Annuncio gets into an argument with the Captain when he refuses to let him see the ship’s log.  He  is rescued by  Doctor Sheffield who explains  who he   is, ostensibly  for the Captain’s benefit , but really  for our benefit what  a mnemonic does (mnemonic derives from the Greek word meaning memory).

…Computers are limited, they have to be asked questions. Sometimes it never occurs to people to ask them the right questions. Therefore mankind needs a  computer that is non-mechanical, that has some imagination. There is such a computer… in each and every one of us…Somewhere inside the human  brain is a record of every fact that’s ever been impinged upon. Very little is consciously remembered,, but it’s all there. A slight association can bring it back to us without knowing where it came from or why. Now that is called “a hunch”  or “a feeling”… Now some people  are better at it than other. Others are almost perfect,  like Mark Annuncio.

So we train them to read, look, listen and do it better and more efficiently. It doesn’t really matter what data they collect. Any data may be useful, and every in  no machine could possibly make.once in a while a mnemonic makes a correlation…You see Mark is different from us… mnemonics are taken into the service about the the age of five. In a sens etheya re force-grown. We allow them no contact  with normal people in case they develop normal  mental habits.  They are highly strung, easily upset, and  easily ruined. I am here to see that does not happen. mark is an instrumnet, the most valuable instrument on this ship. There are only a hundred like him in the universe.

When he  is annoyed (which happens quite often)  Annuncio   refers to the other crew members  as “Non Compos” which Doctor Sheffield explains means “Non Compos Mentis” ie “not of sound mind.”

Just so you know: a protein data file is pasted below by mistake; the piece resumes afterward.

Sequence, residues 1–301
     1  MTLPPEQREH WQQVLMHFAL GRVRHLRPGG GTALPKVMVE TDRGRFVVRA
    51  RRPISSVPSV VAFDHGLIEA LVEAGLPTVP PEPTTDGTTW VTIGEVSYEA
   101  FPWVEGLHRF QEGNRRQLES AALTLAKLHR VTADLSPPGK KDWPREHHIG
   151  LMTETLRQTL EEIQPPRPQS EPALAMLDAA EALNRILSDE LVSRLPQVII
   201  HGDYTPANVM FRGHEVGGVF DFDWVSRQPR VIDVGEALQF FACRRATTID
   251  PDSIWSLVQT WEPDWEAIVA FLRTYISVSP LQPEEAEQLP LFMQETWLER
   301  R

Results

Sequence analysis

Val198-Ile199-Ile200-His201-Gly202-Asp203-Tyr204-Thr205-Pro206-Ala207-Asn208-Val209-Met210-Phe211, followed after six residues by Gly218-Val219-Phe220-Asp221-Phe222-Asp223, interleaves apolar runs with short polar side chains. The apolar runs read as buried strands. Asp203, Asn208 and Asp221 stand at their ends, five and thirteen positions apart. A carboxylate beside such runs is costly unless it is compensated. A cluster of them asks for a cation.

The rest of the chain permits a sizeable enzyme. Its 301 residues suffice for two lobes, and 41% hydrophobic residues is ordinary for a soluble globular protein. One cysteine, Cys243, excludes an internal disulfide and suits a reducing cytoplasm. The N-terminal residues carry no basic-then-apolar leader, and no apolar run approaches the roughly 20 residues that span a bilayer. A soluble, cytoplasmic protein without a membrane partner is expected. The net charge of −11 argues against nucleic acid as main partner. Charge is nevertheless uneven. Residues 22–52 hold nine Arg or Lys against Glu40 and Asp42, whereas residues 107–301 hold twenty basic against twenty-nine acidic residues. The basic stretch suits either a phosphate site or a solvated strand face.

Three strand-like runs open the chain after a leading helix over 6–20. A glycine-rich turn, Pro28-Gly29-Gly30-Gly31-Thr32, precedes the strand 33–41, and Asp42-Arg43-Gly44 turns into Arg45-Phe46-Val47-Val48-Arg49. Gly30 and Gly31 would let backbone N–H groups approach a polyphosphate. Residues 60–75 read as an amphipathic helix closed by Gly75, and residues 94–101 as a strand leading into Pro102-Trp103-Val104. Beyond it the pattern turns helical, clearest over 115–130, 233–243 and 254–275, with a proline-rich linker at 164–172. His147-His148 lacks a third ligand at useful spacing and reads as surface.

The ship is heading for a planet  called Troas  which Mark has identifiied as a planet  where a colony was established, but then the colonists all died. Their mission is to find out why.  When the ship arives an expedition  – which includes Mark and Doctor Sheffield _  is sent to the  rocky surface. They find no sign of the colonists, just burial  mounds.   Increasingly the crew feel uneasy. Fawkes   wakes  from a dream believing that there was someone in the tent: They’re  all around us. Intelligent beings out there now. I’m telling you, I saw  in the tent and out here. Novee tries to convince him that it was just a nightmare.  but Fawkes is convinced that there is intelligent life on the planet.

However it is Annunncio who  realises  the real  truth of why the colonists died and takes drastic action that saves their lives. He pieces together  a number of  different   facts to reveal that  they were poisoned by beryllium, an element  that humanity has forgotten about,    but about which  he once read an obscure paper. Data matters, it seems .

My view is that  not a  great deal of drama in this story,  while the issue as to whether it is  morally right to create mnemonics is not touched on.

Naomi Capon (1921-1987), who directed the story, was one of only two women  directors working at the BBC in 1965. The other  was Paddy Russell.

 

” I remember everything”: Red Planets by Una McCormack (2018)

This Doctor Who audio adventure from Big Finish  features the Seventh Doctor (Sylvester McCoy), accompanied by Ace (Sophie Aldred) and Mel (Bonnie Langford). In essence it’s  an  “alternative history” story, a genre that I am  a bit of an addict for, my favourite being Pavane by Keith Roberts.